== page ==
As healthcare organizations try to navigate their way through the massive changes the industry is experiencing, executives are struggling with an additional challenge. Some management techniques once assumed to be best practices have generally come into question. One, top-down management, has caused a particularly acute problem in the healthcare industry. To move forward, executives will have to find new practices.
Top-down management is a relic of an old social construct that stretches back thousands of years. The person in charge was considered to be the most capable and the final voice of authority, ultimately a member of royalty assumed to have a divine right to rule. The attitude became incorporated into formal management structures and practices in the early part of the 20th century.
Top-down management assumed that decisions and ideas should always proceed from the top of the organization, down through a management hierarchy, and ultimately to workers who were expected to obey without question. At any level, the boss is assumed to always have the right answers for people below. Bosses drive the business and workers follow suit.
Many management theorists have come to recognize that the approach has some severe limitations, and in few industries is that as obvious as in healthcare. The “workers” are often highly trained professionals with an expertise of the business at hand – supporting and improving the health of patients – that far outstrips the knowledge and experience of many of their supervisors and executives. Not only are the decisions made by executives likely to be wrong in a top-down arrangement, but the results could literally threaten lives. The arrangement also harms morale among the expert line workers because the organization clearly does not appreciate or respect them.
Instead, healthcare organizations should consider alternative management practices. For example, at HealthEast Care System in St. Paul Minnesota, frontline workers gather every morning, review problems they’ve seen develop, and devise ways of solving them without the oversight of management.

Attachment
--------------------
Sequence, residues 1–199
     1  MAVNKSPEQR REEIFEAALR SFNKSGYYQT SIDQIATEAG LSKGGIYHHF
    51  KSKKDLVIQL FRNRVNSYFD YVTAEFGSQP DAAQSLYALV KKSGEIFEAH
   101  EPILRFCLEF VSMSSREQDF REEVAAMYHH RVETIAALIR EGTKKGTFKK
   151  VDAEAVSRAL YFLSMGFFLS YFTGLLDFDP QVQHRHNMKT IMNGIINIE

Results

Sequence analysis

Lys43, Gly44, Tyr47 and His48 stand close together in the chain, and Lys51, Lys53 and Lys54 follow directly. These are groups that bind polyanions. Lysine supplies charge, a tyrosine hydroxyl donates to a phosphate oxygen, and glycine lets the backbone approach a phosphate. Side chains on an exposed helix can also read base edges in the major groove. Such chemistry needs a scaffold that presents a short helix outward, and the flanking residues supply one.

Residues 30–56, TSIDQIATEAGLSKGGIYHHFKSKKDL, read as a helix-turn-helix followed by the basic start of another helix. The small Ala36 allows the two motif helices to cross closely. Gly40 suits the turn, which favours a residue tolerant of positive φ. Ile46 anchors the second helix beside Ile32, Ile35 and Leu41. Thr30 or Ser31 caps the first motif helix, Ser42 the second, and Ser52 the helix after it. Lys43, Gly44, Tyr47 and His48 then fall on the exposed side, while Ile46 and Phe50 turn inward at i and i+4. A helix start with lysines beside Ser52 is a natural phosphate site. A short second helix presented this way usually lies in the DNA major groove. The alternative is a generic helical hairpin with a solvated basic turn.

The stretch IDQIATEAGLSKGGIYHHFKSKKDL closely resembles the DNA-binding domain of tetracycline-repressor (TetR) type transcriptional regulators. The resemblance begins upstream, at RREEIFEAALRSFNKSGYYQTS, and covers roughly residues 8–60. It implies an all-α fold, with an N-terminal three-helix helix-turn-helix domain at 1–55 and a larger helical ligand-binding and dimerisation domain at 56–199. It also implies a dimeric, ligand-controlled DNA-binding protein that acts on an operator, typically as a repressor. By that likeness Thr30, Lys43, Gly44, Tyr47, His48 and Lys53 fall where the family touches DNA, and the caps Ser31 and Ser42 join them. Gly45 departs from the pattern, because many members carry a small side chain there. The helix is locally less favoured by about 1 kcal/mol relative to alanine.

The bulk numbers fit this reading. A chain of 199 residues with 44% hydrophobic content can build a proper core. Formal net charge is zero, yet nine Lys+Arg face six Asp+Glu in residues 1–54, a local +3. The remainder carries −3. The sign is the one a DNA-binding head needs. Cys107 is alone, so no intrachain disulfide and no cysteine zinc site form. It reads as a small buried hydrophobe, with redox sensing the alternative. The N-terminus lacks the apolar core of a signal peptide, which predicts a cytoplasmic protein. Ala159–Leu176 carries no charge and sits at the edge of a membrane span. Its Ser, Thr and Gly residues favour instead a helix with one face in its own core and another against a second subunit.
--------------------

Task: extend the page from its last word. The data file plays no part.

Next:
The decentralization of analysis and improvement is part of a process called Plan-Do-Study-Act developed decades ago for manufacturing companies by the statistical quality expert and management consultant W. Edwards Deming. At the heart of the concept is the idea that flawed processes are generally the cause of problems and that controlling and improving the processes results in better operations and quality of work.
Specifically, a healthcare organization creates groups, or cells, in which new ideas can be tested and processes redesigned and standardized. Those successful developments are then spread across the organization. Managers learn to identify and focus on key metrics to monitor the operation and also to encourage staff to offer improvement ideas.
Eliminating the top-down structure makes all the resources of the organization available to focus on its improvement. It will take such radical management redesign to help the healthcare industry meet and best the challenges it faces.
Are you interested in finding a rewarding and lucrative healthcare career that fits your individual strengths and interests? Find out how education can help you adapt to the changing healthcare landscape. American Sentinel University is an innovative, accredited provider of healthcare management degrees, including an MBA Healthcare and Master of Science Business Intelligence and Analytics.